Halifax research calculates that the number of properties in the UK valued at more than the 275,000 Inheritance Tax threshold now stands at an estimated 2.1 million or 12% of all owner-occupied properties.
There has been an almost three-fold increase in the number of properties above the threshold over the past five years from 800,000 in Q3 2000 to 2.1 million in Q3 2005.
The Inheritance Tax take is expected to more than double between 1996/97 and 2005/06, from 1.6bn to a projected 3.4bn, according to the government’s own estimates.
A properly drawn will, together with professional tax advice, are key factors in ensuring that owner occupiers effectively manage their tax liabilities.
At a local level, Halifax calculates that the average house price is now above the threshold in one in 10 local authorities or 38 of the 384 surveyed.
Five years ago, the average house price was above the then threshold of 234,000 in only one in 50 local authorities.
Halifax calculates that the IHT threshold of 275,000 would now be 406,600 if it had been increased in line with house price inflation over the past 10 years.
House prices have risen by 164% in the past 10 years compared to only a 79% increase in the IHT threshold.
The IHT threshold has been increased by successive governments of both main political parties on an ad hoc basis.
Over the period 1997 to 2004, the IHT threshold was increased broadly in line with retail price inflation; it rose by 22% against a 19% increase in the retail price index and 129% growth in house prices.
In 2005, the threshold was increased by 5% to its current level of 275,000. A further 4% increase is scheduled for April 2006, followed by a 5% increase in April 2007, which will bring the threshold to 300,000.
Indexing the IHT threshold in line with the retail price index consistently underestimates the rise in house prices.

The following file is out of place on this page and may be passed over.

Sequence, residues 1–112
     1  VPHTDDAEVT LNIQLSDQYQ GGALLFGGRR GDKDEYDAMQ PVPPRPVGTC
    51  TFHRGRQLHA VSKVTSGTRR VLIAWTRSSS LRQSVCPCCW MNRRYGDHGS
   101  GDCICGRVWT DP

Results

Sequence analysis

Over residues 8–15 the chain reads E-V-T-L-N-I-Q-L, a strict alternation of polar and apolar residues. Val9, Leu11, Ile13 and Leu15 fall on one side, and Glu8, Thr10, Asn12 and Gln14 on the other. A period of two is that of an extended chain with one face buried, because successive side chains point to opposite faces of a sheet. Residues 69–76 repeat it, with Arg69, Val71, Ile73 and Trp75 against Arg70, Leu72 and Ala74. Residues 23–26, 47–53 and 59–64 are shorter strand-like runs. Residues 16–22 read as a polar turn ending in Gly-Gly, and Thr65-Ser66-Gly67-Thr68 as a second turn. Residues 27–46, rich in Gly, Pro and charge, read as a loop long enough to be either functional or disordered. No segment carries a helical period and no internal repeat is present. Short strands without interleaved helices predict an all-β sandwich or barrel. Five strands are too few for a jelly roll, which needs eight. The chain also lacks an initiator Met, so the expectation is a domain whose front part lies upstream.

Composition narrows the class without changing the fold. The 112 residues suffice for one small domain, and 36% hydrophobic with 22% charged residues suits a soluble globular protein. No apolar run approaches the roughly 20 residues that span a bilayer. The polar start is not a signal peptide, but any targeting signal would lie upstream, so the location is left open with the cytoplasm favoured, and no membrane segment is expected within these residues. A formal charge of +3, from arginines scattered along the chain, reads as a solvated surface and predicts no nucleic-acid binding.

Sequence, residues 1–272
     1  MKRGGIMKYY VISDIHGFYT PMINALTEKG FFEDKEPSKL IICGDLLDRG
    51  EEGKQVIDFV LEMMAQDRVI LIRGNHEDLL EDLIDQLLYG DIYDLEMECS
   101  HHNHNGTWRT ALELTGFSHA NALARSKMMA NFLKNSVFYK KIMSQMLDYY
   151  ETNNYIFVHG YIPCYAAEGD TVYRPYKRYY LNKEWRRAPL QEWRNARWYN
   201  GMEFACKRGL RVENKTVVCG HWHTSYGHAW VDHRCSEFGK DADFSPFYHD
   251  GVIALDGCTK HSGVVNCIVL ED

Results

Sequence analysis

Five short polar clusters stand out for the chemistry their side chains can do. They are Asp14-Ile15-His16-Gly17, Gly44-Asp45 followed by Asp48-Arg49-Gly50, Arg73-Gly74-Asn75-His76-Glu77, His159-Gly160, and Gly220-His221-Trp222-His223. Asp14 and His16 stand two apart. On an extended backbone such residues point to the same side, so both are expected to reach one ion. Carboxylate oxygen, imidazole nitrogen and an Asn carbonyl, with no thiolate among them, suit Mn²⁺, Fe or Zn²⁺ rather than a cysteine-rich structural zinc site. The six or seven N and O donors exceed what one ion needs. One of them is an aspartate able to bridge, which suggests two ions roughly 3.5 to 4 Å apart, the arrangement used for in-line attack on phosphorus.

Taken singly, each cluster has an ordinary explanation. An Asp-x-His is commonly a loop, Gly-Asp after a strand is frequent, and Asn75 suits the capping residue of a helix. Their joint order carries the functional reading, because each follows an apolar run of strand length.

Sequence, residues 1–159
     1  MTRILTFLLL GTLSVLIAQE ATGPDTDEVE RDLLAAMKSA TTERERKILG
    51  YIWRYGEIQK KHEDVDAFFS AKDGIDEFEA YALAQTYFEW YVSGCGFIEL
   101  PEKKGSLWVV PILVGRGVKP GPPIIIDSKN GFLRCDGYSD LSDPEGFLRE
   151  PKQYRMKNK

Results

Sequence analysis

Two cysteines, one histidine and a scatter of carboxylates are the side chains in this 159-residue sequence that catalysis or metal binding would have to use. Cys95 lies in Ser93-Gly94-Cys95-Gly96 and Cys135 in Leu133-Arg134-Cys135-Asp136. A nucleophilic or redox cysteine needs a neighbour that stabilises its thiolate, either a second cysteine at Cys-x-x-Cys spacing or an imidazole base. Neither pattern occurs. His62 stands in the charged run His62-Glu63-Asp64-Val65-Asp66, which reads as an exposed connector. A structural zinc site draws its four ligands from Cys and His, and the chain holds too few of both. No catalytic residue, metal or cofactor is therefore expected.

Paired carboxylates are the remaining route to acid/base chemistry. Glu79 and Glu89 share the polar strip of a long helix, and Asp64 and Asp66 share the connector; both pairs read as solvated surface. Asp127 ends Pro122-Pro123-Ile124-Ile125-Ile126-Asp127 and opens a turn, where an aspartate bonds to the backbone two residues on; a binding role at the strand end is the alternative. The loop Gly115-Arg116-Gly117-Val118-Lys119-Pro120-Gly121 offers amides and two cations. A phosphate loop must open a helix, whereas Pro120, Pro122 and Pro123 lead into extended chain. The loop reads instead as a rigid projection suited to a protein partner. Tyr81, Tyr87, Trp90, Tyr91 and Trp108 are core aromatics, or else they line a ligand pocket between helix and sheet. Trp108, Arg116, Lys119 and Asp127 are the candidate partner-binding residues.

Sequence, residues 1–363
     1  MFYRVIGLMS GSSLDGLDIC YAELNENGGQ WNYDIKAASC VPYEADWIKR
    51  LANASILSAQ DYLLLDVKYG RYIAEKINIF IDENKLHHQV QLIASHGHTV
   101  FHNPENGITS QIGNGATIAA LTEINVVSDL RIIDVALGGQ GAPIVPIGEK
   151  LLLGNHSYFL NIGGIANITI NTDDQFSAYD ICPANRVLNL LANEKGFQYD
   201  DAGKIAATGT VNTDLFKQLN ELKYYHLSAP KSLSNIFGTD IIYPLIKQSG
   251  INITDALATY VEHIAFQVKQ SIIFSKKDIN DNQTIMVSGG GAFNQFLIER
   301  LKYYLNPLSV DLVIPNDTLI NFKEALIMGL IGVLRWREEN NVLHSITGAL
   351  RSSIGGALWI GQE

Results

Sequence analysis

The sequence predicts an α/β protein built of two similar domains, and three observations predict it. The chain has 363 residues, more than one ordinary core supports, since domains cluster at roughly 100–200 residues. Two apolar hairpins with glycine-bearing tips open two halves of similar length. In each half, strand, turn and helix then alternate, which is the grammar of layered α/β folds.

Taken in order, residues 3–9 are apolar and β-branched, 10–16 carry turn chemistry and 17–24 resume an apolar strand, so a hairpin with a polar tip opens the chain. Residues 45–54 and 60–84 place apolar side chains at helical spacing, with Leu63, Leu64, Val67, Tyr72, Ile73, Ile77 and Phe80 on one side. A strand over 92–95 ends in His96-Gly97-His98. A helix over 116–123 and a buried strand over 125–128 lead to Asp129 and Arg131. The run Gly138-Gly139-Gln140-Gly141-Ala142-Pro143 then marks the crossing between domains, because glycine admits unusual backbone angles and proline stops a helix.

Over the past 20 years, Halifax calculates that house prices increased by 357% against a 102% increase in retail prices.
Additionally, house prices have risen faster than retail prices in 16 out of the past 20 years.
Sales above the IHT threshold account for at least 25% of transactions in 62 LAs. Over a quarter of these LAs are in London and 45% are in the South East. Five years ago, only 18 LAs or 5% of the total had more than 25% of their sales above the IHT threshold then of 234,000.
At the moment 6% of sales outside southern England London, South-East, East and South-West – are above the 275,000 threshold.
West Midlands currently has the highest proportion of sales above the IHT threshold (7%) whilst Northern Ireland has the lowest proportion of sales above 275,000 (2%).
More than one in three residential property sales in London are above 275,000. In the South-East, almost one in five sales are above the threshold. One in three – 11 out of 32 – London boroughs have an average house price above the IHT threshold. Three in 10 LAs in the South-East have an average house price above the IHT threshold.
Martin Ellis, chief economist at the Halifax, says: “More than two million UK households now see the value of their home above the inheritance tax threshold compared to 800,000 households just five years ago. This trend will worsen unless the government acts now and raises the threshold to fully reflect the increase in property prices.
“According to our figures, the inheritance tax threshold would be raised to 406,600 if it were increased in line with the rise in house prices over the past 10 years more than 130,000 above its current level. We call on the government to link the threshold to house price inflation.
“The government made a welcome move earlier in the year to take many first-time buyers out of the stamp duty net. We hope that they will do the same for inheritance tax.”